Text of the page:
Zimbabwe has functioning policies that allow car importation to the country. These policies are hindering the establishment and growth of car manufacturing in the country. Hence, these local companies are having hard times to make any move to have a share in the vehicle production and sales. Liz Segal who is the Sales and general manager for Nissan Company in sub-Saharan Africa said so.
Segal confirmed to NewsDay that establishing a car manufacturing plant in Zimbabwe is an invalid dream. Segal was comparing the policies of Zimbabwe to those of the South Africa. This happened during the launch of Nissan Navara. According to Segal, the Zimbabwe government needs to review the policies that allow car importation so as to provide a concussive environment for the other companies to operate.
According to Segal, South Africa has policies that prevent any car importation in the country. This is an advantage to the companies that would be willing to take part in the vehicle manufacturing. Therefore, the automotive policies in South Africa are very clear and they promote car manufacturing in the country. Segal refers to the car importation as “grey imports”.
Segal also said that, if the grey imports continue to exist, problems concerning car brands will continue to exist in the whole of sub-Saharan Africa. However, the important thing about it is being able to hold talks with the government concerning the auto policy or future plans concerning vehicle importation policies.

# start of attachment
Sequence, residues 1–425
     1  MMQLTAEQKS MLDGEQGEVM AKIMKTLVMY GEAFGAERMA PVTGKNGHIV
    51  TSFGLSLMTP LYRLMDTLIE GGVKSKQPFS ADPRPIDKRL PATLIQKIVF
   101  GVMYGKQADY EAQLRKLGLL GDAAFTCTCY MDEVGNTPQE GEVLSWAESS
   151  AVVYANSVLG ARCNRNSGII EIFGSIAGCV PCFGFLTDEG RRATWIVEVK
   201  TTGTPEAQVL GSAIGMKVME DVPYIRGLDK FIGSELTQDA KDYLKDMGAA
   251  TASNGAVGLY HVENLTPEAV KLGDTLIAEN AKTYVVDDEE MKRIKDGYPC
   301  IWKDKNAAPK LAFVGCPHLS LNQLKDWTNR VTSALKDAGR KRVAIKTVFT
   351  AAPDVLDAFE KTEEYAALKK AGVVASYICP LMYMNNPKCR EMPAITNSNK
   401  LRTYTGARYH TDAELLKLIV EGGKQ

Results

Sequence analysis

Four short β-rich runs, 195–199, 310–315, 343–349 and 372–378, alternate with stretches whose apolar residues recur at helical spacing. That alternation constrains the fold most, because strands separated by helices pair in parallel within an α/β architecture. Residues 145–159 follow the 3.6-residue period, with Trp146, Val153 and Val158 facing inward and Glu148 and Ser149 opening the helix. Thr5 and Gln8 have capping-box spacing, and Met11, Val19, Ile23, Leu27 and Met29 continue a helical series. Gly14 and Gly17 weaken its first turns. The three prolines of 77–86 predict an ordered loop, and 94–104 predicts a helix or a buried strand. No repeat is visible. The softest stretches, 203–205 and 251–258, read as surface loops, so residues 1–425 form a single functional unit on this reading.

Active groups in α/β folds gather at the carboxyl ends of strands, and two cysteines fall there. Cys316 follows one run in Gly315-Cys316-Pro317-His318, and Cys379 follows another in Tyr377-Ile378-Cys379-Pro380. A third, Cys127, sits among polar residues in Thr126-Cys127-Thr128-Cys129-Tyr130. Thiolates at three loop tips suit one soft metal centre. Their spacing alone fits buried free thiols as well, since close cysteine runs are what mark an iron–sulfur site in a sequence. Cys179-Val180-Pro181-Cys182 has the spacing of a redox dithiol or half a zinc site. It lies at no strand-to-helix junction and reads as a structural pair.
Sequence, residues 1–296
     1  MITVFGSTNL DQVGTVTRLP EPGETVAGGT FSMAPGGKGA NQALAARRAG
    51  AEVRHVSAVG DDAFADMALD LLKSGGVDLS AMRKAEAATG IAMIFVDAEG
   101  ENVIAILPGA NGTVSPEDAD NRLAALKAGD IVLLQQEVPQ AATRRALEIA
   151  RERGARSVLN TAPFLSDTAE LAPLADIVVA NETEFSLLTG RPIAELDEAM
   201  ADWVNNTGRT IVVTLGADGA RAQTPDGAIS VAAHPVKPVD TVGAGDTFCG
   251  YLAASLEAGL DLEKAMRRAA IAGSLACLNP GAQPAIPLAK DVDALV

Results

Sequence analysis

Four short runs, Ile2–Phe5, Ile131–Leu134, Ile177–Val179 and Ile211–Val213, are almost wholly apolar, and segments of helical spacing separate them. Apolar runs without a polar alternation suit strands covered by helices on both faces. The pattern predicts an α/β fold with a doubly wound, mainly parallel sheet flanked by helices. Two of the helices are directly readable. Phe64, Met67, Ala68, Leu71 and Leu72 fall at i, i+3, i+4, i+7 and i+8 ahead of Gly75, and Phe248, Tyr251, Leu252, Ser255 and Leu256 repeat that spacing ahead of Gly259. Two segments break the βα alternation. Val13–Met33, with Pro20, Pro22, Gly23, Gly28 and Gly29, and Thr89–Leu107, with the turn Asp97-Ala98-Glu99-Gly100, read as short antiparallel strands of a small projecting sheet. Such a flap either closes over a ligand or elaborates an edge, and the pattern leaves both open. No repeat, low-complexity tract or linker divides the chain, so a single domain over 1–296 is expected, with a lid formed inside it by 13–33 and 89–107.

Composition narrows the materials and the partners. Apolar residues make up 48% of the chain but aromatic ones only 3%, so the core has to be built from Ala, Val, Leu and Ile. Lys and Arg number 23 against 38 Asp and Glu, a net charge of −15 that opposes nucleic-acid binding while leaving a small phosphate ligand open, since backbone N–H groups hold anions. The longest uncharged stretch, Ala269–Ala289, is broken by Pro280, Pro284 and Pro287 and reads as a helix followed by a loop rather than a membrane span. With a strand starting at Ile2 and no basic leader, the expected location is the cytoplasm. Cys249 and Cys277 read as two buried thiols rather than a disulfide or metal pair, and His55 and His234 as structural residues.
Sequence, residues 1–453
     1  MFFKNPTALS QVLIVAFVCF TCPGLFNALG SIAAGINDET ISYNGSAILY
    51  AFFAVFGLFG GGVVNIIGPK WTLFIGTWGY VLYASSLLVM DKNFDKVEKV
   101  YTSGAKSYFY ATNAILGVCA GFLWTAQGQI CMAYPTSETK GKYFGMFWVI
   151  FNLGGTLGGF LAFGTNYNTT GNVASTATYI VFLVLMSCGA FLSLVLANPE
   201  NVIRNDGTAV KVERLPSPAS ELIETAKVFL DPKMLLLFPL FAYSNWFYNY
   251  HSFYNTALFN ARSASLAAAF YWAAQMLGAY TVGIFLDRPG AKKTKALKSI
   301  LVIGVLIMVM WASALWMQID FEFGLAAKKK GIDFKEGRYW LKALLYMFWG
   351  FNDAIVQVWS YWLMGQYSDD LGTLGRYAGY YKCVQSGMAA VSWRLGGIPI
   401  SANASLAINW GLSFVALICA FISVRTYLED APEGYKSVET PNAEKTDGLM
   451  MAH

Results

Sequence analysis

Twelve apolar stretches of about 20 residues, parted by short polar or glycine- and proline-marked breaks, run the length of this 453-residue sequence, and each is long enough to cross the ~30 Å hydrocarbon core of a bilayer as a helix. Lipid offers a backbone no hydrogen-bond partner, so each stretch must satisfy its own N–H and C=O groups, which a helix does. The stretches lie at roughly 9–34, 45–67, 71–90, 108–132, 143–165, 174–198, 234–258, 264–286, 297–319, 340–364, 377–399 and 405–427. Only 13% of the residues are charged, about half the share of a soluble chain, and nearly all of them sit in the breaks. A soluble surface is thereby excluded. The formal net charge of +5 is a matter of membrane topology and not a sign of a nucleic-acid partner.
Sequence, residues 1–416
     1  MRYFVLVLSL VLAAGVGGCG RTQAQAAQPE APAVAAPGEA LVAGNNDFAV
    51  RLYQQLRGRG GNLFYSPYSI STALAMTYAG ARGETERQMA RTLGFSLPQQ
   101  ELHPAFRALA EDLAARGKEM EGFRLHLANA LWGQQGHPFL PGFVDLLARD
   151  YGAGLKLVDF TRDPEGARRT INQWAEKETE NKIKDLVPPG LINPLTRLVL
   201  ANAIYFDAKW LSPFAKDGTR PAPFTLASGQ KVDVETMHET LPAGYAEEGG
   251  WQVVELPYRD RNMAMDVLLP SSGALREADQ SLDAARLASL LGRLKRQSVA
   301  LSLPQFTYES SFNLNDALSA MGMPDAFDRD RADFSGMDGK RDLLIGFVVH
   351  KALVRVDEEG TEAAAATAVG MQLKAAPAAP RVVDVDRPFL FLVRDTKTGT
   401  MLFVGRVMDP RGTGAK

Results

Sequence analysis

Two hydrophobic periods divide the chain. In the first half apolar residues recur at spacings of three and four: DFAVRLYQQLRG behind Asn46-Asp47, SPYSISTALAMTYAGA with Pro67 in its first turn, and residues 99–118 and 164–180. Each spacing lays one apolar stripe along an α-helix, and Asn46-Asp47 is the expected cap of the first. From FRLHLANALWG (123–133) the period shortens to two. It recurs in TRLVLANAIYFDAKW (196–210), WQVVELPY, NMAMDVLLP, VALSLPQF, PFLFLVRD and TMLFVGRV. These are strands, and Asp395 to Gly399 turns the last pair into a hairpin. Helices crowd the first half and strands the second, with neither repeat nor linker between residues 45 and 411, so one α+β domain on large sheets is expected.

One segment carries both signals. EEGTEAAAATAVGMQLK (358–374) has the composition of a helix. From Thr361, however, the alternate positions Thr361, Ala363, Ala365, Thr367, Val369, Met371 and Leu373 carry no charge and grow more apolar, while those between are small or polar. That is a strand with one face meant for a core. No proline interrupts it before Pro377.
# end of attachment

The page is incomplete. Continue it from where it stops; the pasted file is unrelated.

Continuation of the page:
During the interview with the NewsDay, she said that there were talks with the government and the counsel of the dealers concerning car manufacturing. The aim of the talk was to urge the government to provide an environment that will lead to setting up of car producing companies. This would lead to the creation of thousands of jobs to the Zimbabwean peoples.
Segal thoughts on car importation led to a major debate on the importation of second-hand cars. The central bank was not left behind on the matter as it came up with a list of vehicles should be allowed to enter the country. The move by the bank was a way of preventing the foreign currency from being taken out of the country by car importers. The list has significantly contributed to the decline in the number of vehicles that gets into the country since May this year.
BMI (a Fitch Group research company) shows that the sales from second-hand cars will decline by 13% due to the sluggish economic growth and liquidity crisis being experienced. Despite these challenges, Nissan Company has continued to improve its market share. The company enjoys 33.5% of the car market which is an improvement from 31% of last year. The new market percentage for the Nissan Company is the highest in Zimbabwe for all the vehicle brands.